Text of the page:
Lacan has been harping on the same point. In a sense, he is circling around something, something that keeps forcing him to reorient himself. His orientation is the object of the real, namely, object a. Indeed, at one point Lacan claims that we must use the concept of the real to orient our pursuits.

We return to the formula:

Anxiety is not without object

I notice that the indefinite article “an” has now been removed from the formula. Lacan does not explain why this is the case. Perhaps it is an issue with the translation, or perhaps it is intentional. In any case, an indefinite article (such as “a” or “an”) denotes one of two things: (1) that something is being referred to for the first time, and (2) that something is a member of a class or set of something larger, in other words that it is an element of a set. If it is in fact the case that Lacan intentionally dropped the indefinite article then this could be because (1) object is not something that is referred to at the beginning, rather it is a residue or remainder; and (2) object is something that can not be identified as an element of a set since it is much rather something that persists as a remainder in any and all sets. We discussed this in relation to the 30 JANUARY 1963 class: there is no way for the Euler diagram to represent lack. We need to add another dimension for this, the third dimension, so that the surface can bend back upon itself as it does with the mobius strip.

So object is here object a, and if I use the indefinite or definite articles you will forgive me.

We have also discussed in relation to the 16 JANUARY 1963 class the fact that there is a cause to desire. This is, of course, a lost cause, a cause which is missing by necessity. Object a is the cause of desire because it stands behind desire, it is behind desire perhaps at the level of drive. We know that in drive object a is itself that which provides the source of enjoyment. Lacan notes that Freud’s problem was that he placed the cause of desire to the front of desire rather than behind desire. Similarly, anxiety is not ‘the result of something’ but rather it is ‘there behind desire’. This has dramatic implications, as we shall see. It means that anxiety is itself a motive or cause for desire. It is not that anxiety is necessarily on the side of the defense of the ego, that we feel anxiety as a signal that we must defend ourselves from something.

Now we have in front of us the question of the relationship between fear and anxiety. Do they represent the same phenomena or are they far away from each other? In either case, the error, Lacan claims, is that the concepts are distinguished from their objects. This is a double error because there is a problematic notion of the object involved. The object is not, as we typically suggest, this or that chair, this or that breast, this or that person, this or that toy. This is a limited view of the object. The object is what causes desire. It is an error to presume that fear has an object. Lacan provides us with a reference to a simple piece of literature to demonstrate this point, something Chekhov wrote called “Panic Fears” [the text is very short]. Chekhov, of course, had something like a panic disorder.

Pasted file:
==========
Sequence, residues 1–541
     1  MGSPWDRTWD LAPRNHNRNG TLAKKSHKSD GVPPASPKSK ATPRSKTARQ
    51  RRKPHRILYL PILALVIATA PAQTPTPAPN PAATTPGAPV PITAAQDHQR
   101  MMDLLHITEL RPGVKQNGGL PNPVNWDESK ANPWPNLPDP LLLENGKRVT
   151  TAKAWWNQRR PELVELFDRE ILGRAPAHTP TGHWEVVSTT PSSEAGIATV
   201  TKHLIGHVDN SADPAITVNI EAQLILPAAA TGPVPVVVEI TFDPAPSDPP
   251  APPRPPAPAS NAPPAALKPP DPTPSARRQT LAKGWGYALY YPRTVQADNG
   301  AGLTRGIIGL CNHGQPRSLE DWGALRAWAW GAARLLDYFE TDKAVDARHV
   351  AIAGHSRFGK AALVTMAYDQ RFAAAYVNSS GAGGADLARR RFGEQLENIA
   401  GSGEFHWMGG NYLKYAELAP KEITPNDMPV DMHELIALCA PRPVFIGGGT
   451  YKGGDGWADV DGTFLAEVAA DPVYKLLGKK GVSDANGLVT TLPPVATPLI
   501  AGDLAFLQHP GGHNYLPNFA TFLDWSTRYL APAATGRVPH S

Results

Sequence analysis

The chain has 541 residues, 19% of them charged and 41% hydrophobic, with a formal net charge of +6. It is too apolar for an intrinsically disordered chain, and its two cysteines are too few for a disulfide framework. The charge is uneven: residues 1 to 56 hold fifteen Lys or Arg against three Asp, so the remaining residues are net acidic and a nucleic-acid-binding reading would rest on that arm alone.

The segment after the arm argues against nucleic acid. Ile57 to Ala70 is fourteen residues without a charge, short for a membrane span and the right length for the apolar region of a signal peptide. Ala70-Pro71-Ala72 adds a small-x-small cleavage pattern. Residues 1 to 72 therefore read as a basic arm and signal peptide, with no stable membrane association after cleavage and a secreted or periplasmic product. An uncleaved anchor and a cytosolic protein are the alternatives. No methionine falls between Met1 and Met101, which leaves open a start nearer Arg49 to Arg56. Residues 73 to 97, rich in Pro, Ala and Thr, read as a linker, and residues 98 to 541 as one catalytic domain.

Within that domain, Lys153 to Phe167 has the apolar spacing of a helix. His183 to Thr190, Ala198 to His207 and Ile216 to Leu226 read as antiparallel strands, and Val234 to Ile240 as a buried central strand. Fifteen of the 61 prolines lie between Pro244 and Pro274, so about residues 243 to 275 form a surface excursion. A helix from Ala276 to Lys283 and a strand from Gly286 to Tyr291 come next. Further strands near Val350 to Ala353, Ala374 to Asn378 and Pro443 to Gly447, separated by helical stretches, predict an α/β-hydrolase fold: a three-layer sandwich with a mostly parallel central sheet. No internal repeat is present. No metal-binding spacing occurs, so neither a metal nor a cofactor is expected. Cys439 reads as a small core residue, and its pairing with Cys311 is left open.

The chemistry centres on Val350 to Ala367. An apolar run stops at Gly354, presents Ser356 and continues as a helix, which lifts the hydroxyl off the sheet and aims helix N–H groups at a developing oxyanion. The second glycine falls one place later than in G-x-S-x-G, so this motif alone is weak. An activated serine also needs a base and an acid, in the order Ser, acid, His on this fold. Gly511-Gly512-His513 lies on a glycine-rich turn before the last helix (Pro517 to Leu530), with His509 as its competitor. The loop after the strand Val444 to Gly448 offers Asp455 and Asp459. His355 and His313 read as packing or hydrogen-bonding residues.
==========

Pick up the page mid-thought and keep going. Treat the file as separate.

So when we claim that fear has an object we are in effect arguing that fear is oriented toward something. But this is not the case for Chekhov. Chekhov describes three examples and in each case his fear came from something that did not seem to have a source or cause to it. It was a general disorientation, if I may say so, in an environment within which he presumed to be well oriented. This feeling seems like what Freud described as unheimliche, the uncanny, but there is something else going on here. I want to note before moving on that Freud’s much abused text on the uncanny was really not meant to be published. Freud had it sitting in his desk for quite some time and then pulled it out. A considerable portion of Freud’s text concerns matters of definition – he litters his text with signifiers. It is almost unbearable to read the first half of the text precisely because it seems like what today we would call an extensive “cut-and-paste”. So, I think that, much like Lacan’s concept of the gaze, we use the text on the uncanny as a way to orient ourselves, as a way of avoiding even the anxiety of having to actually do the work. I try to stay away from discussions on the uncanny and on the gaze for precisely this reason – it leads those to comment who are not prepared to do the work of having a real dialogue about the material. And isn’t this what Freud himself did with the text? He failed to do most of the work. Instead he just described the definitions he found elsewhere. And, when the stakes were high he simply pointed to other works he did. This is why the uncanny is not an essay that engages with the uncanny.